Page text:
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ArtMan

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I am finding benchmark logging (Benchmarking?) a terrific addition to Geocaching.com, but there are a couple of benchmark-specific enhancements I'd be interested in seeing. I'm sure the vast staff and infinite corporate resources behind this endeavor would be only too happy to meet our requirements if they only knew what they were ;-)

 

Herewith, then, a few items I'd like to see on the site to keep the game interesting.

 

(1) A leader board. I'm actually less interested who is logging the most marks, but what sort of numbers the top 20 or so are logging.

 

(2) Number of geocachers who are doing benchmarking, and what percentage of cachers.

 

(3) Ability to specify distance for radius search. The default is 10 miles, which for many users will provide too many or too few hits. I know there is a workaround (e.g., adding '&dist=2' I think to the URL limits radius to two miles), but it should be more user friendly. This one should be pretty easy to code.

 

(4) Ability to have searches return hit list minus marks user has already logged.

 

(5) Notification system that would send an email when someone logs a mark I've already logged, or a watch system like on the cache side.

 

(6) Graphical search. I know, the NGS site has this, but it is pretty clunky.

 

Anyone else care to contribute to this list?

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I'll touch on two of them quickly...

 

quote:
Originally posted by ArtMan:

 

(3) Ability to specify distance for radius search. The default is 10 miles, which for many users will provide too many or too few hits.


 

The "hide and seek a cache page" has this already.

 

quote:

(6) Graphical search. I know, the NGS site has this, but it is pretty clunky.


 

We're securing a mapserver which will allow a lot of this. Initially it'll work for Canada and the US, but will expand outward once we acquire the data. We'll also have geocoding (yay!) so you can search by address, or city.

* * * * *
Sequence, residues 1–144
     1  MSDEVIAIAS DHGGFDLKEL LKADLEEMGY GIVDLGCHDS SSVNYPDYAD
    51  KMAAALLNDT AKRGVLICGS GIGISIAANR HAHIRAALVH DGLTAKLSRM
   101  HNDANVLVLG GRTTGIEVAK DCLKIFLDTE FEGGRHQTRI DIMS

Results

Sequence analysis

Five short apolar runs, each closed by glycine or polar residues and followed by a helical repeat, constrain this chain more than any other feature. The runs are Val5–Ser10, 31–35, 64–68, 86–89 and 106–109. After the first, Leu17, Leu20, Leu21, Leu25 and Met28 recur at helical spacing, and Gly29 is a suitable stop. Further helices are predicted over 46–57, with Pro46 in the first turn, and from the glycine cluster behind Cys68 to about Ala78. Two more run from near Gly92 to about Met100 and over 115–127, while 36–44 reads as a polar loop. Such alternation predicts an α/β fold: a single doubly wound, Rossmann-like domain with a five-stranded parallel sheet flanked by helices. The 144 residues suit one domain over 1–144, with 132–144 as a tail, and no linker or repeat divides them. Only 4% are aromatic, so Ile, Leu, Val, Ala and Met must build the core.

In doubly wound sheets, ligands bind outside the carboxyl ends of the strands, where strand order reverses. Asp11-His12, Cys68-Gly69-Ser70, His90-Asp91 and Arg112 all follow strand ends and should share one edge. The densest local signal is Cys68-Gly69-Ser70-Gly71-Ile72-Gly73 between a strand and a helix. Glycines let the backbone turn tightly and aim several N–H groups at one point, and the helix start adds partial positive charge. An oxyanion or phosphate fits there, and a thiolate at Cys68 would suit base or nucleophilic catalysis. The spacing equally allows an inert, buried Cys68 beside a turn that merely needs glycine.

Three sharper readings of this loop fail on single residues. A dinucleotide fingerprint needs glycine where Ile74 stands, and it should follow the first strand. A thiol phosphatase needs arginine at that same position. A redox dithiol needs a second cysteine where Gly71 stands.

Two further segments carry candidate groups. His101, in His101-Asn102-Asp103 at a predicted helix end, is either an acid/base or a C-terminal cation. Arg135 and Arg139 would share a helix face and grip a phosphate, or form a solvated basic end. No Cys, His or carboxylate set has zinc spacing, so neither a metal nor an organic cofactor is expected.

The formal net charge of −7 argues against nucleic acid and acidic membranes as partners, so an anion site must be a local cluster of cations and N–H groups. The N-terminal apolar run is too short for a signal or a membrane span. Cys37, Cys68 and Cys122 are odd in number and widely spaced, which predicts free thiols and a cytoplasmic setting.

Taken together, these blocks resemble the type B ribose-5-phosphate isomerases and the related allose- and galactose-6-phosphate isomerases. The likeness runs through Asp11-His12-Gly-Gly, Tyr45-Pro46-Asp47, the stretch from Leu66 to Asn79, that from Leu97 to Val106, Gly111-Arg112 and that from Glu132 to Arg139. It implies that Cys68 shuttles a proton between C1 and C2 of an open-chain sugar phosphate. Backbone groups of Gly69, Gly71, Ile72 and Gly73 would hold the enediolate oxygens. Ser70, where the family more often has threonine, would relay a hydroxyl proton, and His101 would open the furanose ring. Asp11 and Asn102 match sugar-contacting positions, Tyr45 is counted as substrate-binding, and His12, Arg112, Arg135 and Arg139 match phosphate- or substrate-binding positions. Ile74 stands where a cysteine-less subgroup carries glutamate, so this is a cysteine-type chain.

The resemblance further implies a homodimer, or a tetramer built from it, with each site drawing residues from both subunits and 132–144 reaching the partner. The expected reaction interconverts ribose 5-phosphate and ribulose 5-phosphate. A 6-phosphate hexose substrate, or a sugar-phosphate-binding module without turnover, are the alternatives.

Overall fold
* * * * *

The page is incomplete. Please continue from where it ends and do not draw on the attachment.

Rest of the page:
Jeremy Irish

Groundspeak - The Language of Location

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quote:
Originally posted by Jeremy Irish:

I'll touch on two of them quickly...

 

quote:
Originally posted by ArtMan:

 

(3) Ability to specify distance for radius search. The default is 10 miles, which for many users will provide too many or too few hits.


 

The "hide and seek a cache page" has this already.

 

Jeremy Irish

Groundspeak - The Language of Location


 

Yes, for caches, but not for benchmarks...

 

25021_1200.gif

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quote:
Originally posted by Web-ling:

Yes, for caches, but not for benchmarks...


 

D'oh! icon_eek.gif

 

Jeremy Irish

Groundspeak - The Language of Location

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quote:
Originally posted by Web-ling:

Yes, for caches, but not for benchmarks...


 

D'oh! icon_eek.gif

 

Jeremy Irish

Groundspeak - The Language of Location

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quote:
Originally posted by ArtMan:

I am finding benchmark logging (Benchmarking?) a terrific addition to Geocaching.com


 

Me too! In fact, I signed up to be a charter member when Jeremy put in the latest changes. Kinda a reward for the continuing hard work he's put in. I figure I've gotten much more than $30 worth of enjoyment out of this.

 

quote: